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The Queen's Chamber Trio Plays Haydn <font color="bf0606"><i>DOWNLOAD ONLY</i></font> LEMS-8061

The Queen's Chamber Trio Plays Haydn DOWNLOAD ONLY LEMS-8061

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"...The Haydn disc includes the first and third of the famous three trios he wrote on his English visit in 1794–95; the second is replaced by the relatively unfamiliar, somber E minor Trio, a contrast of form, tonality, and mood. All are full of meltingly beautiful melodies, daring modulations, and harmonic surprises, sparkling humor and deep expressivity. In these late trios, Haydn gave the violin some wonderful solos, though the cello still doubles the bass.
The playing is splendid. Tempi are sensible ... repeats are ornamented; the phrasing is clear; the expressiveness is natural and deeply felt. The cellist uses quasi-Baroque articulation, putting swells on long notes. The violinist’s tone is varied in color and intensity and is strikingly beautiful.

The performers’ enjoyment of the music and the collaboration speaks through every note."
All Things Strings
December 2010

“Using a harpsichord for the later works is counter-intuitive, yet the effect can be—as the Queen's Chamber Trio shows us—quite wonderful….[Comparone] and her colleagues, the violinist Robert Zubrycki and the cellist Peter Seidenberg, have indeed delved attentively into the works at hand. Their interpretations are clearly plotted, their technique precise. They play in tune, and I find their fluid sense of rhythmic ebb and flow appealing. The recorded sound is clean and bright…”
James Keller,Chamber MusicMay/June 2008

"This is a very refreshing look at this wonderful chamber music repertoire mainly explored by pianists. New York based The Queen's Chamber Trio, led by the harpsichordist Elaine Comparone, chose two trios (Hob XV:27 and Hob XV:28) composed during the second Haydn visit to London in 1794. They are from a three-trio set dedicated to Therese Jansen, whom Haydn considered as one of the most important keyboard players in London, but the performers omitted the third trio of this collection and offer the two-movement Trio in E Flat Minor, Hob XV: 31, instead. This choice balances the programme beautifully, and gives it a concert feel. The keyboard part in these trios is dominant. These pieces sound like keyboard sonatas extended by occasional dialogue with violin and strongly supported by the cello which often doubles the left hand of the keyboard player. This texture is often lost in modern piano recordings where one loses the writing details, especially when string players apply a lot of vibrato and powerful sound. Therefore, listening to this repetoire on the harpsichord is like unwrapping the music of thin transparent layers and having a much sharper look at Haydn's wonderful, colorful keyboard writing. The ensemble playing is very coherent. I miss a bit more articulation in the ceiio part, especially in bars where it reinforces the speech of the harpsichordist's left hand. Also, the E Flat Minor key of the second trio on this disc seems to be challenging intonation-wise for the cellist (especially in The Andante). Tempo choices are very natural, phrasing very elegant, and there are some lovely dynamic contrasts helped by the thoughtful registration of the harpsichord player...The sound of the recording is well balanced and the booklet contains a very informative article by Elaine Comparone regarding the pieces and performer's perspective on the use of the harpsichord in this repertoire. Overall, the disc is a charming addition to the 200th anniversary of “Papa Haydn's” death that the musical world will celebrate in 2009."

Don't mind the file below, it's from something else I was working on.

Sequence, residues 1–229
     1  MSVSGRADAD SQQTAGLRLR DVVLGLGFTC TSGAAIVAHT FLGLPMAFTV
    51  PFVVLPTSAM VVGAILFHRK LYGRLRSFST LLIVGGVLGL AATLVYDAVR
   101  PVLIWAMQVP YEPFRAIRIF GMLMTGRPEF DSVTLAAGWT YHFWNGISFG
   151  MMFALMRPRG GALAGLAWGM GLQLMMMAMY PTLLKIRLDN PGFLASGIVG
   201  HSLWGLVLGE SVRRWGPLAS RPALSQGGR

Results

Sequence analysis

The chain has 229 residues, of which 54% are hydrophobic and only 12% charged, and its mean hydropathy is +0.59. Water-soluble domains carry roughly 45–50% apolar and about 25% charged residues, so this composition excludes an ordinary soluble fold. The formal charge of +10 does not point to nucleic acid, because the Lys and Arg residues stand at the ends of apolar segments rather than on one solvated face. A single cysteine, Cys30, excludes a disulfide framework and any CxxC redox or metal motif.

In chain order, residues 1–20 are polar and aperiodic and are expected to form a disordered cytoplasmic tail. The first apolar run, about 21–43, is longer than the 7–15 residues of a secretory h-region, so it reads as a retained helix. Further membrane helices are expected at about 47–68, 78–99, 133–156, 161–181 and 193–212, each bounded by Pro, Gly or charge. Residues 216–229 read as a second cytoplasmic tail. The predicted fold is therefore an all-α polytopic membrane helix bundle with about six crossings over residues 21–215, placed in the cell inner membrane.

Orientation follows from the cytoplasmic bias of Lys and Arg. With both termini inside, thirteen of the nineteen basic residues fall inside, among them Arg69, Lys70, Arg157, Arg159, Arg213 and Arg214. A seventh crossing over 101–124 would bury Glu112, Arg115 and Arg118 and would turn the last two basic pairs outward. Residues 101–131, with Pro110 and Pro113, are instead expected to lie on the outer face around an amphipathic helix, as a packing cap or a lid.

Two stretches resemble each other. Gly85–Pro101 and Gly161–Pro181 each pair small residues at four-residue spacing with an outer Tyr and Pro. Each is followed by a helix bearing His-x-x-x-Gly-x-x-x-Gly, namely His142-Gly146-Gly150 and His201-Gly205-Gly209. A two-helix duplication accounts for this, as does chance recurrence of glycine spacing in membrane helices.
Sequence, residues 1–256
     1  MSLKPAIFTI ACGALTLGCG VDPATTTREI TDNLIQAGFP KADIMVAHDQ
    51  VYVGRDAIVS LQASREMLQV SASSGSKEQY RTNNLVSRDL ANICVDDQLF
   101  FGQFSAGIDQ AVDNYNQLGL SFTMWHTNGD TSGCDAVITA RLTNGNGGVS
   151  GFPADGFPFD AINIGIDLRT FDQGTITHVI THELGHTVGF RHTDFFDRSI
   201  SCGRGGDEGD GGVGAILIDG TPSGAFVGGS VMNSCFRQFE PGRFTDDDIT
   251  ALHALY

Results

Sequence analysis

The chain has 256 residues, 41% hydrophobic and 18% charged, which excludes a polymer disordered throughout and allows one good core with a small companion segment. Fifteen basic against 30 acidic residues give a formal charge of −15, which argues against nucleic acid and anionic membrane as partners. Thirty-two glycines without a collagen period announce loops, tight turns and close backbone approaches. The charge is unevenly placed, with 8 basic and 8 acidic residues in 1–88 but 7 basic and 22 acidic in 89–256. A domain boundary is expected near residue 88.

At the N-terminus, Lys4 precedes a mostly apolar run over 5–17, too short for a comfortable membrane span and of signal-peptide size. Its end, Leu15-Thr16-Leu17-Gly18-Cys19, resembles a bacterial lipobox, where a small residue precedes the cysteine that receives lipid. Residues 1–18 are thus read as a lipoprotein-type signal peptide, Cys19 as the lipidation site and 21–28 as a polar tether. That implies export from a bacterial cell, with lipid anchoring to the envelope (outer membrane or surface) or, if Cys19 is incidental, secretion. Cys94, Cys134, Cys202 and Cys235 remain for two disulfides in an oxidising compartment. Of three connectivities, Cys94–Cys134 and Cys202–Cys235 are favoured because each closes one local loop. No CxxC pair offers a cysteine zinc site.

Harpsichord & Fortepiano (U.K.)
Autumn 2008
Reviewed by Kasia Tomczak-Feltrino

Late Haydn Keyboard Trios with harpsichord!
More magic from the superb Queen's Chamber Trio, who this time out, take a fresh look at Haydn's keyboard trios from 1794-7. Today typically played on modern grand piano or fortepiano, The Trio's innovative approach enlivens these pieces with harpsichord sparkle and a delicious blend of plucked and bowed strings.

“Haydn's keyboard music is stylistically interchangeable between harpsichord and Piano…The harpsichord has a sound with unique acoustical qualities not shared by the modern or early pianos… it makes its presence felt with a sparkle absent in piano sonority. Harpsichord sound stirs my imagination as piano sound never did.”
Elaine Comparone

Produced by John Ostendorf

C Major Trio
1. Allegro - 9:58
2. Andante - 6:13
3. Presto - 5:38

B flat Minor Trio
4. Andante - 10:56
5. Jacob's Dream - 4:37

E Major Trio
6. Allegro Moderato - 9:01
7. Allegretto - 3:40
8. Finale: Allegro 5:30

Additional Information

Go to the Harpsichord Unlimited website for concert schedules and more info!

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